Four Ways to Tame Your Tongue

Imagine there was a monitor attached to the side of your head. At any moment, it would display the exact thoughts—unfiltered—running through your mind. Does that seem cool to you? If so, you’re deluded. It would be a disaster.

Our words are the clearest and best indicator of what’s in our hearts. Which is why Jesus said that every idle word would be brought into evidence at the judgment (Matthew 12:36). And that’s because “out of the abundance of the heart the mouth speaks” (Matthew 12:34 ESV). What we think is buried in our hearts will inevitably come out.

But we don’t have to resign ourselves to having sour hearts—and sour tongues. Here are four practical tips on how to tame our tongues.

1. Be slow to speak.

This is a direct quote from James 1:19. Knowing the power of the tongue, and how closely connected our tongues are with the depravity of our hearts, the first thing we should do is be much slower to speak—and much more careful when we do.

The book of Proverbs says it like this: “In the multitude of words sin is not lacking” (Proverbs 10:19 NKJV), which means, if we have a disposition to talk a lot, we sin a lot. Martin Luther once wrote, “I have learned this art: When I have nothing more to say, I stop speaking.” (I kinda wish he would’ve walked that one out a bit more often.)

Before we speak, we have to ask ourselves, “Is there anything profitable that comes from me sharing this? Or am I simply delighting in sharing the faults or misfortunes of others? Is this building others up, or making me look good? Is there any reason I need to be the one saying this? And saying it now, to this person?” Our words have staying power. Long after we speak them, the wounds of our words will remain. Be slow to speak—we can’t get words back.

2. Be quick to say “I’m sorry.”

Don’t underestimate the power of these two words to heal. Given how much James and Jesus say that we sin with our words, we’d expect that someone with the slightest awareness of the depravity of their heart would apologize often.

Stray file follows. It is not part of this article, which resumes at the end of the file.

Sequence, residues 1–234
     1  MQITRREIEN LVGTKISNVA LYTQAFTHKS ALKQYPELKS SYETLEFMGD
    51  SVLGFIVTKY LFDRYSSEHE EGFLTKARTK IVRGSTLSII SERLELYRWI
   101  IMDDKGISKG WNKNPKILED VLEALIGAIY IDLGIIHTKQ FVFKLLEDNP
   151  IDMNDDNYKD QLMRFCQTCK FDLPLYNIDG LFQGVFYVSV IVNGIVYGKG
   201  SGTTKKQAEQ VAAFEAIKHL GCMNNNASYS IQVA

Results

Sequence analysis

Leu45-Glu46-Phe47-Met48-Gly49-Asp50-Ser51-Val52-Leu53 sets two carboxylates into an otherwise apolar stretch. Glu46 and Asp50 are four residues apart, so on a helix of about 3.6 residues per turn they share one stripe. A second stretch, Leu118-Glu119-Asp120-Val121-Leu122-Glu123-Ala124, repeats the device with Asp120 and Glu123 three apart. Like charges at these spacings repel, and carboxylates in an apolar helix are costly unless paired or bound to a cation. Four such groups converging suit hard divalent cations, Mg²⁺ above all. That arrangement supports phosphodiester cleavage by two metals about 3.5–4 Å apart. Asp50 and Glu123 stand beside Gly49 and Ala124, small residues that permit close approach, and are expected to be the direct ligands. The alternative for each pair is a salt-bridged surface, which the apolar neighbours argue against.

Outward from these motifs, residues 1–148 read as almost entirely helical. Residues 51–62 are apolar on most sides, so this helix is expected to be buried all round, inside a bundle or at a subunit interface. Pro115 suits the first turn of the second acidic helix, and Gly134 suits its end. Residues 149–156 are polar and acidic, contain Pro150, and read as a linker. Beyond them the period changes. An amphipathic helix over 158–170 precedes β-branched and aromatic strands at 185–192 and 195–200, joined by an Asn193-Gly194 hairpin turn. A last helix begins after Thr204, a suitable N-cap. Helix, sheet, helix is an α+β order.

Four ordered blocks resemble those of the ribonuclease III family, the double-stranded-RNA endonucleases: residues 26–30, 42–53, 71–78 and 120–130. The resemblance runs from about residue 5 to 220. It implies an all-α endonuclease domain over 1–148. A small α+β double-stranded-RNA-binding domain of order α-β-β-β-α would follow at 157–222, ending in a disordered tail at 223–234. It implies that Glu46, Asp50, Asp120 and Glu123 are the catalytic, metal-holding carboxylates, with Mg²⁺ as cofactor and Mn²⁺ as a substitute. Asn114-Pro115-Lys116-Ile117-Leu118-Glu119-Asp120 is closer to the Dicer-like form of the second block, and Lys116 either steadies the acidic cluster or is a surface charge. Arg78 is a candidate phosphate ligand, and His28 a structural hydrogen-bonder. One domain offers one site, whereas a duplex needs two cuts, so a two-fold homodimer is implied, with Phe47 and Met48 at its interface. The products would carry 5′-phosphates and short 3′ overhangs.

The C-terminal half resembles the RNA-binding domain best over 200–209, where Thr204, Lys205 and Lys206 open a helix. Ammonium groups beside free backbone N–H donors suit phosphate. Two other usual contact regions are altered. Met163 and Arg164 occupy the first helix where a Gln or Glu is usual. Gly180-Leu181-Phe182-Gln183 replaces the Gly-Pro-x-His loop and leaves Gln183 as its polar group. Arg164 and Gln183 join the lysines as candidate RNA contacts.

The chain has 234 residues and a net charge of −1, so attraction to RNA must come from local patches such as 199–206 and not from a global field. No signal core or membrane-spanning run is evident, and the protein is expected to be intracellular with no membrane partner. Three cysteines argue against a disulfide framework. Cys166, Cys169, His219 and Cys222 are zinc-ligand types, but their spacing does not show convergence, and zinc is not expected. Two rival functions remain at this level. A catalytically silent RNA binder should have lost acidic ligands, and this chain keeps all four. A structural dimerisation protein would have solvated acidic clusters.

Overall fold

Unfortunately, that’s not a common reality.

As followers of Jesus, we should be quick to say, “I’m sorry,” to make things right. Inevitably, we will say something we shouldn’t have. But it’s what we do afterward that speaks volumes to the true condition of our hearts.

3. Sow life-giving words.

James 3:18 says that “a harvest of righteousness is sown in peace by those who make peace” (ESV). James is telling us to replace our destructive words with life-giving ones. Our words are seeds, which sow either beauty or ugliness, either encouragement or discouragement. So choose to sow words that can create goodness and life in others.

Here’s a fun challenge for you: This week, choose one person to speak blessing and encouragement to. Just one person. And try to say something intentional to them every day for a week. Then watch the difference it makes in their life.

If you like how it feels, you can graduate to doing this with more than one person. Cultivate a fountain that is life-giving.


4. Receive peace.

To speak peace, we have to be at peace. The reason some of us sin with our lips is because our hearts are at war. What’s in our hearts is not peace, but turmoil—insecurity, fear, and anxiety. There are 1,000 reasons you might have those negative feelings coursing through your veins. More often than not, we lash out at others because we’ve been the target of vicious words ourselves. As the saying goes, hurt people hurt people.

But there’s a way out.

The way we move forward is to replace the hurtful words we’ve heard from others with the healing words of Jesus. Replace the words of criticism, comparison, judgment, condemnation, fear, and anxiety with his assurance of unconditional love and empowerment.

Jesus says, “You’re safe with me. I’ve never stopped loving you. Before you were even born, I had a plan for you. I’ve always been there, every second, by your side, weaving it all for good. I’ve got you!” This is what he says for believers in Psalm 139, Romans 8, and other places in Scripture. Embrace those words and dwell on them. Be at peace.

Our tongues can do tremendous harm. But they can also do tremendous good. If we follow the Spirit, we can be slow to speak and quick to apologize, speaking life-giving words and offering peace to others.